Mel Gibson before his Hollywood career played Frank and Mark Lee played Archie. The Major was played by Bill Hunter, a most amazing actor. It was directed by Peter Weir, a director who went on to even greater success in later years.
I had the poster on my college room wall for some years and it moved with me several times before it found its way into the attic. The image shows clearly what happens at the end. Nevertheless, it is still the most monumental shock when it happens. ‘Gallipoli’ is in my hinterland. What’s in yours?
It is rare to see two (or more films) at a festival and think they are both equally strong but this happened this year when I went to the Salisbury Festival to see two films from New Zealand set in Maori communities. For me, a film has to resonate weeks after seeing it for it to enter my hinterland. ‘The Dark Horse’ along with ‘Boy’ has stayed with me. I saw them together, one after the other, and was blown away by them both even though they have different styles and are from different genres.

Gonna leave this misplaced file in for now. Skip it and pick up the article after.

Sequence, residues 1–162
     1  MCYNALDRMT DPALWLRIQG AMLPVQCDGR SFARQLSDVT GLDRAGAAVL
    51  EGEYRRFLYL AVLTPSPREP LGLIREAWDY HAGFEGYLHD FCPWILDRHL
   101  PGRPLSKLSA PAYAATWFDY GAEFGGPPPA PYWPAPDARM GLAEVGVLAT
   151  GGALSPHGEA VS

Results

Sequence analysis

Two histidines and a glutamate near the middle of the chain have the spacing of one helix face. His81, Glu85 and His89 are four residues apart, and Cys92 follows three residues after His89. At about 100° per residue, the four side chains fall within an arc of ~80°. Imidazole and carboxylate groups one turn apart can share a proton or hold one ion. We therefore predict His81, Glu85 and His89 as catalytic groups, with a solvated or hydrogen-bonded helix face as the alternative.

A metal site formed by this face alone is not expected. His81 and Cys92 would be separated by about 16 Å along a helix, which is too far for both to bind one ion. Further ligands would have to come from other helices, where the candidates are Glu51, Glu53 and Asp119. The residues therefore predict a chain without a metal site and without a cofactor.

In this image released by Broad Green Pictures, Cliff Curtis, left, and James Rolleston appear in a scene from,”The Dark Horse.” (Kirsty Griffin/Broad Green Pictures via AP)
In this image released by Broad Green Pictures, James Rolleston appears in a scene from,”The Dark Horse.” (Broad Green Pictures via AP)
In ‘The Dark Horse’, director James Napier Robertson tells the story of how some people in communities reach out to other people in need. In this case it is based on a true story of Genesis Pontini, a brilliant chess player who has bi-polar disorder. As his life crumbles, he finds purpose through teaching chess to others. Specifically, he supports a group of underprivileged young people by teaching them chess and coaching them for a tournament.